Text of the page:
Polyaromatic hydrocarbons have been studied extensively because of their electronic properties which make them ideal candidates for applications in organic electronics and photovoltaics. Borazine is isoelectronic with benzene but, being insulating, represents its natural counterpart in self-assembled nanoscale functional materials.
Novel borazine compounds were synthesised by the Bonifazi group from the University of Namur in Belgium and were deposited onto a Cu(111) substrate for analysis by scanning tunnelling microscopy by Nataliya Kalashnyk and Ben Moreton of the Costantini group. Comparison of the borazine compounds showed a distinct difference between their assemblies which was explained with the aid of Kinetic Monte Carlo simulations performed by the de Vita group of King’s College London.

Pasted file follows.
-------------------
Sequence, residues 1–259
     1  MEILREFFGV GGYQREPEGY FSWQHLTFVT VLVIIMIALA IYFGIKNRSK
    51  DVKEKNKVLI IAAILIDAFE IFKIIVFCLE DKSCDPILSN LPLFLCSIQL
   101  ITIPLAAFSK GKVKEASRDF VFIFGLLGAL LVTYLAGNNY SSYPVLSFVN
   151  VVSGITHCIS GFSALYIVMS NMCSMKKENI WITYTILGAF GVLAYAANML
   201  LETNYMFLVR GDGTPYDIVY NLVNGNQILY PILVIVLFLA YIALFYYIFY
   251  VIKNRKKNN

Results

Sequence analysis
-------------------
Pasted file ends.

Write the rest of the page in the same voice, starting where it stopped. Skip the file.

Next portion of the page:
Hexaaryl borazine forms near perfect monolayers on Cu(111) whereas introducing a reactive OH substituent in hydroxypentaaryl borazine generates “magic” clusters. The origin of this difference is based upon the ability of the Cu(111) substrate to deprotonate the OH groups, generating a charged species and allowing for an interplay between short range van der Waals attraction and long range Coulombic repulsion.
For more information see Angewandte Chemie International Edition.